[ Guest Writer Atul Deshmane, a PUD Commissioner, County Planning Commissioner, and Broadband Advisory Group (BAG) member, outlines some of the biggest infrastructure issues facing Bellingham today.]
This article is an attempt to provide an outline, in clear language and brief paragraphs, of the internet infrastructure topics now being discussed in our community. As a PUD Commissioner and County Planning Commissioner and technology professional, I have come to believe there are many important reasons to prioritize the development of a public fiber optic infrastructure.
Broadband/connectivity needs are growing, but what is “acceptable” broadband? While there are a variety of physical means to provide connection to the internet (fiber, copper wire, cable), “acceptability” is defined in terms of communication speeds. In 2015, the Federal Communication Commission defined it as 25 MB delivery of data to the end user (‘download’) and 3 MB delivery from that end user (‘upload’). It is important to note that our data needs increase by 50% each year which means demand for throughput is increasing by 50% every year and, luckily the capability of fiber optic infrastructure is increasing by 100% every year. I support fiber because it meets our current needs, it’s fast, and it keeps getting faster.
We need broadband that is symmetric; which means upload and download speeds match. Private telecoms built their copper infrastructure for delivery of media content (download), not information or data you may want to transmit (upload). Most wireless technology is not symmetric either and will continually require new protocols and end user devices. But our needs for data have rapidly evolved from passive consumption to interactive consumption and delivery, meaning both upload and download. Many of us have experienced problems using applications like Zoom which needs faster upload speeds. Upload speed is also critical for office, education, and tele-health applications. Fiber is already symmetric.
The energy, carbon, and environmental footprints of our telecommunication systems are burgeoning. Over the last few years, there has been an explosion of networked devices with embedded wireless antenna (think phones, tablets, laptops). The energy footprint created by these new devices is concerning. 5G frequencies consume more energy than 4G networks. Additionally, 5G antenna need a line of sight, which means trees in the way of 5G towers are being removed. Starlink (satellite wireless) generates an estimated eight metric tons of carbon emission associated with the launch of each satellite. Since Starlink is planning to initially launch over 40,000 satellites, carbon pollution under this system is a grave concern. At the same time, transmission losses through wireless and copper are an order of magnitude larger than losses in fiber optic cable. Fiber has a smaller environmental footprint.
Durable and reliable infrastructure is fundamental. Copper and wireless infrastructure is not only slower, it is also more likely to become overloaded, creating frustrating reliability issues for the user. When wireless communications begin to break down, they often requires replacement of the antenna—in other words, the entire device. As an alternative, fiber optic cable is more durable and reliable than either wireless or copper cabling: if buried, fiber can last up to 100 years; if a fiber wire fails, a replacement can be pulled in and spliced. Fiber will perform better and last longer.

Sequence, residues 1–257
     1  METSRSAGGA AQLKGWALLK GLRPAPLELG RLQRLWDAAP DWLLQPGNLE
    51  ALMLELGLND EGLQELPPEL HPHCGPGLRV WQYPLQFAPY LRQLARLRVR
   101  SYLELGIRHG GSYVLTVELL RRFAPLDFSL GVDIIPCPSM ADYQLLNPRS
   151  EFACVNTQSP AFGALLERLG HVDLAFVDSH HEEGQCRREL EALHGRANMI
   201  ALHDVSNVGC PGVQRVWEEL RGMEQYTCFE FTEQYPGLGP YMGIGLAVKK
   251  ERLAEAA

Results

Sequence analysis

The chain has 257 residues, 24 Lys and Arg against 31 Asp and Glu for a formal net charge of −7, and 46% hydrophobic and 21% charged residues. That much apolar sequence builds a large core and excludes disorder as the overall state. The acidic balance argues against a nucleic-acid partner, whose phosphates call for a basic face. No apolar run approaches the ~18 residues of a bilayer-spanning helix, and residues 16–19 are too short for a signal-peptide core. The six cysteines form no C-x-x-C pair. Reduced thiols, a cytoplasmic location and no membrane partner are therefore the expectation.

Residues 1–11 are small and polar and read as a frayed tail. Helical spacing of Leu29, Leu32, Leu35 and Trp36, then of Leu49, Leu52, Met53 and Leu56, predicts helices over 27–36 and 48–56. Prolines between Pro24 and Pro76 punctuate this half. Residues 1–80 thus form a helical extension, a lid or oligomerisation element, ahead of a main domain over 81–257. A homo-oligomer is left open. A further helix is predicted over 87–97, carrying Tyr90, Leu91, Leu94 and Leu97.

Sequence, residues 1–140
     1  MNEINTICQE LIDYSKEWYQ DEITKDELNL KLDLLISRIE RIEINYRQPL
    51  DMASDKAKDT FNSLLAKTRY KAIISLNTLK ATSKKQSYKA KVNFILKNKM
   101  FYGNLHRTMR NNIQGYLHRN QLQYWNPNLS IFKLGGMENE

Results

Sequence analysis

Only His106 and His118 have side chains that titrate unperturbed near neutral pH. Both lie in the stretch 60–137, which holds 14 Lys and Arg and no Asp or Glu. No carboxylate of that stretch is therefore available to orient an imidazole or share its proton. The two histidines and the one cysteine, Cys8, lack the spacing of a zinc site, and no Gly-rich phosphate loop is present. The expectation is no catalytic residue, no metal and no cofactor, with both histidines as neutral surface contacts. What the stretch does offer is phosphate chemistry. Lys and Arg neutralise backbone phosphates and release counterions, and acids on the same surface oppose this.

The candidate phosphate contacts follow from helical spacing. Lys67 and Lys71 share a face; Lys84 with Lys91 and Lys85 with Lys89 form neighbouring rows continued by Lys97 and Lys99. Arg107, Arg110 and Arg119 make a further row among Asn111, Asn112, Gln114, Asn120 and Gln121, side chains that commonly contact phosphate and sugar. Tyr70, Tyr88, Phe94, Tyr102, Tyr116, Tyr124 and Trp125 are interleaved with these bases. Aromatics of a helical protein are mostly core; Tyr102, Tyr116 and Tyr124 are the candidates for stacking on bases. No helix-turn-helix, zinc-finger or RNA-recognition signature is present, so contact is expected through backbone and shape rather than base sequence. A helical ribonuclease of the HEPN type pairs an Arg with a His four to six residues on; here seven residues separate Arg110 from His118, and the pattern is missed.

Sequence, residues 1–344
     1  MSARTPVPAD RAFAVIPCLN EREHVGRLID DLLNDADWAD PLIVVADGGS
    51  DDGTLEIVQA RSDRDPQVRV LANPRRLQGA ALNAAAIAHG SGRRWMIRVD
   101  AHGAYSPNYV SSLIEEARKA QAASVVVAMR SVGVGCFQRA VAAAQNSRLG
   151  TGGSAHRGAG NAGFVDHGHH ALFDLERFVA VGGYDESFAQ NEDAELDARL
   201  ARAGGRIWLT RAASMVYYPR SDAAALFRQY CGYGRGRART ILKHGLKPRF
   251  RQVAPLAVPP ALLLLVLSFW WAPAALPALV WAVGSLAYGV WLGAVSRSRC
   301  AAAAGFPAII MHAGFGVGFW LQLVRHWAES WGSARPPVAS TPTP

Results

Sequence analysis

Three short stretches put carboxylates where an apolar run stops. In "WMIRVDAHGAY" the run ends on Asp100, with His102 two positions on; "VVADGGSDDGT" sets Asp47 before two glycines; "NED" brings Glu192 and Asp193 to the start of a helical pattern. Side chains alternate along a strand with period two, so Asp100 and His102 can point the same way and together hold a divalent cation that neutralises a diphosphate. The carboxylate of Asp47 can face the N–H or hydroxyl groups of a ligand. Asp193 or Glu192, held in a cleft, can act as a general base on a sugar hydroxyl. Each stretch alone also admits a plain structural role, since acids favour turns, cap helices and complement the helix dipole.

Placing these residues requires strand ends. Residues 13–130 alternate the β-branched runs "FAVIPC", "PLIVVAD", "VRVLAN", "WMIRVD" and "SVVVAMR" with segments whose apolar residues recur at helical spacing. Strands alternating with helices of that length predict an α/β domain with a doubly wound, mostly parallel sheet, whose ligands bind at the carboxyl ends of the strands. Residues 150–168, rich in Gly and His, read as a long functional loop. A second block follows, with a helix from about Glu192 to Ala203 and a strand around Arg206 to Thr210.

Fiber optic infrastructure promotes social equity. The revolution that our consumer products industry foresees for home devices may not reach economically disadvantaged communities. Public fiber infrastructure is less dependent on these personal network devices. With public fiber infrastructure, these households will have access to world class connectivity. Over time, and due to fiber’s durability and reliability, public fiber networks will remain the most cost competitive and energy efficient infrastructure to serve end users. This sustained, high-performing infrastructure will enhance social equity.
Competition is to everyone’s advantage. Our telecommunication providers have depended on market controls of access through agreements implemented at the federal, state, and local level. Local governments enter franchise agreements. State governments limit the retail and service authority of public utilities, and the federal government provides preferential assistance to private sector telecommunications companies. A public fiber infrastructure will allow many more internet and data services providers to rely on a fiber backbone that is owned, maintained, and operated by the public sector. At the same time, fiber infrastructure has been proven to increase private sector participation, because areas with public fiber networks have many more service providers than areas without public fiber.
Cyber security was declared the number one threat to our national security two years ago by the Director of National Intelligence. Wireless internet creates extensive potential for data breaches. Our most secure facilities are relying, almost exclusively, on fiber to handle mission-critical data services because fiber optic communication is inherently more secure. Fiber supports our national security.
There are certainly other perspectives on this subject and I am open to hearing them. My goal and intent is to work with others in our community to develop infrastructure that serves our community well. For more discussion, which I welcome, please comment below or email me at firstname.lastname@example.org .
[Disclaimer: Although I am a PUD Commissioner and County Planning Commissioner, neither of these bodies has reviewed or is endorsing this document. These are my opinions, informed by my work in the private and public sector. I am grateful for the opportunity to share my personal perspective with my community. Atul Deshmane]